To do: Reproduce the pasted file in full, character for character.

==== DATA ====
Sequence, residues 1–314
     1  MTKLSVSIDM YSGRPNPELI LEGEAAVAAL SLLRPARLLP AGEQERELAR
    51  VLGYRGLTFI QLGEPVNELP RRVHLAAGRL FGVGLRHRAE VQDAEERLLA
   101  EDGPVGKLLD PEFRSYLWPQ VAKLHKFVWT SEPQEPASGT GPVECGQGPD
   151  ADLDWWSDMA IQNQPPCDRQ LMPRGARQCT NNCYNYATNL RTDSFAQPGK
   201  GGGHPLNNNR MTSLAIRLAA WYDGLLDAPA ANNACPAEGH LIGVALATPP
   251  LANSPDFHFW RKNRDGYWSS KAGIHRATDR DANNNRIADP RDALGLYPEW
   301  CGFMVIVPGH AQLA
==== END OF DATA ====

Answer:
Sequence, residues 1–314
     1  MTKLSVSIDM YSGRPNPELI LEGEAAVAAL SLLRPARLLP AGEQERELAR
    51  VLGYRGLTFI QLGEPVNELP RRVHLAAGRL FGVGLRHRAE VQDAEERLLA
   101  EDGPVGKLLD PEFRSYLWPQ VAKLHKFVWT SEPQEPASGT GPVECGQGPD
   151  ADLDWWSDMA IQNQPPCDRQ LMPRGARQCT NNCYNYATNL RTDSFAQPGK
   201  GGGHPLNNNR MTSLAIRLAA WYDGLLDAPA ANNACPAEGH LIGVALATPP
   251  LANSPDFHFW RKNRDGYWSS KAGIHRATDR DANNNRIADP RDALGLYPEW
   301  CGFMVIVPGH AQLA